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Dr. King shares his acceptance of the invitation to spend some time in Chicago. During his time in Chicago, Dr. King and other SCLC leaders plan to assist local civil rights organizations in organizing rallies throughout the city.
This is Dr. King's official transcript from Morehouse College from 1944-1948.
This draft of Where Are We Going?, Chapter 5 of Dr. King's book Where Do We Go from Here: Chaos or Community? was significantly edited before publication but the central ideas are here. The government's failure to develop economic justice programs cannot be blamed on the Civil Rights Movement's lack of ideas, as often claimed. Building the political will for change is more important for the movement. The rights of Negroes to economic well-being are well aligned with goals and tactics of the labor movement. Negro leadership needs to be developed from within the community.
Dr. King drafts a speech that he will make in Atlanta for the reception honoring his Nobel Peace Prize winning. In the speech he offers his gratitude to friends and family who supported him in his efforts. Dr. King also briefly discusses the issue of racial injustice and the continued fight for equality.
Dr. King discusses the issues of racism, Jim Crow and nonviolence in this edition of Current. He further explains that, without the tactic of nonviolence, Negroes can become hostile and bitter. Throughout this issue several other writers are featured including Leslie W. Dunbar, Langston Hughes and Fay Bennett.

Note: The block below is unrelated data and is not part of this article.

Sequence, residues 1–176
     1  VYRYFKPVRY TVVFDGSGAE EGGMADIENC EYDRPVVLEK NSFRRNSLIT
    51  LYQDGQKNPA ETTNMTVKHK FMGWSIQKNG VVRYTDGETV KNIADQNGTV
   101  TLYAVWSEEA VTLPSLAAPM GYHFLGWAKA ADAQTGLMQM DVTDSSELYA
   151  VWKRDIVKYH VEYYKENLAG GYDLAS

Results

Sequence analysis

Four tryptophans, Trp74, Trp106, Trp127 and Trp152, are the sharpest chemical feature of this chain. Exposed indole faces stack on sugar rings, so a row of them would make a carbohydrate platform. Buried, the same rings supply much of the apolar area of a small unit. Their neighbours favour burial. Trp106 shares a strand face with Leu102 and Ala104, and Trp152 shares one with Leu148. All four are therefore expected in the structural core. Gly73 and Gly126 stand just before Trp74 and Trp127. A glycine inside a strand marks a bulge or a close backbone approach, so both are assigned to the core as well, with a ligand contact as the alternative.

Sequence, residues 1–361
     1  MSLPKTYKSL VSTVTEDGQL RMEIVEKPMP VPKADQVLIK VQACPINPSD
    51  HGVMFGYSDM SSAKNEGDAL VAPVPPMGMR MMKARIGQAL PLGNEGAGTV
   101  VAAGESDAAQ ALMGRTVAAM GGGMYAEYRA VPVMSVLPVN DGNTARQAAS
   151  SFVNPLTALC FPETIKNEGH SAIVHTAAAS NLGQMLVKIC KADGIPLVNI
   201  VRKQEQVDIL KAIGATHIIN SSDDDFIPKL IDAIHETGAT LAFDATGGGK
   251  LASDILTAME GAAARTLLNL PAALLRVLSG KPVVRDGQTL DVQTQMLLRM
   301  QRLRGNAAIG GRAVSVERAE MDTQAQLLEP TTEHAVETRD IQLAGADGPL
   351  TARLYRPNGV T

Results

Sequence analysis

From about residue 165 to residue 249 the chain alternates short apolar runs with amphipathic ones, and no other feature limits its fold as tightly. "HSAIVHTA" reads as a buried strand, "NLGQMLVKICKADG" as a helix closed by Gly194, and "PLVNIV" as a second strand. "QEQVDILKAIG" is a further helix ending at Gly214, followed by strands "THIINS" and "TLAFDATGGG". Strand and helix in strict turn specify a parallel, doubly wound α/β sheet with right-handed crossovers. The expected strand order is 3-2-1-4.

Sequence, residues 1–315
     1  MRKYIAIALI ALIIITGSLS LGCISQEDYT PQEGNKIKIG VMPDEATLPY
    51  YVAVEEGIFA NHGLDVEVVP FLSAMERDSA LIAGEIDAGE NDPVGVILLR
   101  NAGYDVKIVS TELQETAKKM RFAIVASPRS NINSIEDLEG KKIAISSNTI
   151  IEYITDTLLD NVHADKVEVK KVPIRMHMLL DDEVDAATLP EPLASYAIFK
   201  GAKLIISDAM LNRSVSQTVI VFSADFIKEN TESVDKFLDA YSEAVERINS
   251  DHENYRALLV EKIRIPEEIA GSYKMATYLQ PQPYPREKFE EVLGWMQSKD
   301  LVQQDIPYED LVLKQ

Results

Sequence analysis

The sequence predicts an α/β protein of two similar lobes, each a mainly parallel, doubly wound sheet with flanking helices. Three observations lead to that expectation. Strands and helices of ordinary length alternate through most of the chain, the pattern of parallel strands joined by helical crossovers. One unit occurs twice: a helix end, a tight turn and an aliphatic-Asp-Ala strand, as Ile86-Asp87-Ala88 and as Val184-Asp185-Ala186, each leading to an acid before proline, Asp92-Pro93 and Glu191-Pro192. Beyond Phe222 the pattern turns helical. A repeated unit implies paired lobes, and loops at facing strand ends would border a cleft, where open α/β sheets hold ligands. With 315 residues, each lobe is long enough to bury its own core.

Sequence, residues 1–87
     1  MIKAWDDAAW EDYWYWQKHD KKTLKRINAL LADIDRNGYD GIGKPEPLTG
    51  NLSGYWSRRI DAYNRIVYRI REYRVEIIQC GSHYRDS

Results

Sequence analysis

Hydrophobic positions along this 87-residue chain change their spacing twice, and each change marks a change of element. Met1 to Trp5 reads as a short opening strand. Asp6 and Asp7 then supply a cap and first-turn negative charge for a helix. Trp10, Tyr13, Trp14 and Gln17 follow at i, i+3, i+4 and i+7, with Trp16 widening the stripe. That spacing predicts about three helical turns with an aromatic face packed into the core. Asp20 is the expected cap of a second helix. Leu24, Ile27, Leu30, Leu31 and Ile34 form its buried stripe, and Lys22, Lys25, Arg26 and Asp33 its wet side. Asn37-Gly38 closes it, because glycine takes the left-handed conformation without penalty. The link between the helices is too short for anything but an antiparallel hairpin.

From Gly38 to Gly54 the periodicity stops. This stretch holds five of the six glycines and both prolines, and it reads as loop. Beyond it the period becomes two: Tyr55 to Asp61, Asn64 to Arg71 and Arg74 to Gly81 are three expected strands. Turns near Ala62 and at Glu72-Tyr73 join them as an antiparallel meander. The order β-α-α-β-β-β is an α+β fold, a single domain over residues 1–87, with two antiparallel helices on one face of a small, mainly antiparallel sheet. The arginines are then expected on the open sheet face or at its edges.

This Harper released publication contains a preview of the religious books to be published in the summer and fall of 1964. Dr. King's "Why We Can't Wait" is featured with the byline "The 'Man of the Year' writes the 'Book of the Year'."
This SCLC newsletter features numerous articles written by members of the SCLC regarding Birmingham, Alabama. Also featured is a graphic story of the crisis in Birmingham.
Dr. King earned an A in this course in 1951 and did his presentation on Jacques Maritain. This syllabus contains the reading requirements for the course and directions for a concluding presentation and report.
Dr. King addresses the crisis of race relations in America by asserting that there would not be a crisis if blacks accepted inferiority and injustice. He also discusses the physical and spiritual harm that segregation and slavery has caused for blacks and the effect that violence has on the community. Dr. King closes with remarks regarding nonviolence and what it truly represents.